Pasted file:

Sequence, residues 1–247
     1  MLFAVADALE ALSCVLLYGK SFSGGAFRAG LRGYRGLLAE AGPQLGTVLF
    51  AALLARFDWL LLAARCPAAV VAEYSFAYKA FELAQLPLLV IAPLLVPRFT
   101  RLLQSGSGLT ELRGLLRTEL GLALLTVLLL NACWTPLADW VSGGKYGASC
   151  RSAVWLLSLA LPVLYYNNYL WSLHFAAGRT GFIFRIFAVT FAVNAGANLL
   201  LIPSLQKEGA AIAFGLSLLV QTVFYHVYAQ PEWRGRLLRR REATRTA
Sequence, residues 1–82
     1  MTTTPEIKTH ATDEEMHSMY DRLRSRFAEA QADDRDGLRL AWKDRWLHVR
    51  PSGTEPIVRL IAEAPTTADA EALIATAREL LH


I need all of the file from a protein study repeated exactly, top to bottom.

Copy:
Sequence, residues 1–247
     1  MLFAVADALE ALSCVLLYGK SFSGGAFRAG LRGYRGLLAE AGPQLGTVLF
    51  AALLARFDWL LLAARCPAAV VAEYSFAYKA FELAQLPLLV IAPLLVPRFT
   101  RLLQSGSGLT ELRGLLRTEL GLALLTVLLL NACWTPLADW VSGGKYGASC
   151  RSAVWLLSLA LPVLYYNNYL WSLHFAAGRT GFIFRIFAVT FAVNAGANLL
   201  LIPSLQKEGA AIAFGLSLLV QTVFYHVYAQ PEWRGRLLRR REATRTA
Sequence, residues 1–82
     1  MTTTPEIKTH ATDEEMHSMY DRLRSRFAEA QADDRDGLRL AWKDRWLHVR
    51  PSGTEPIVRL IAEAPTTADA EALIATAREL LH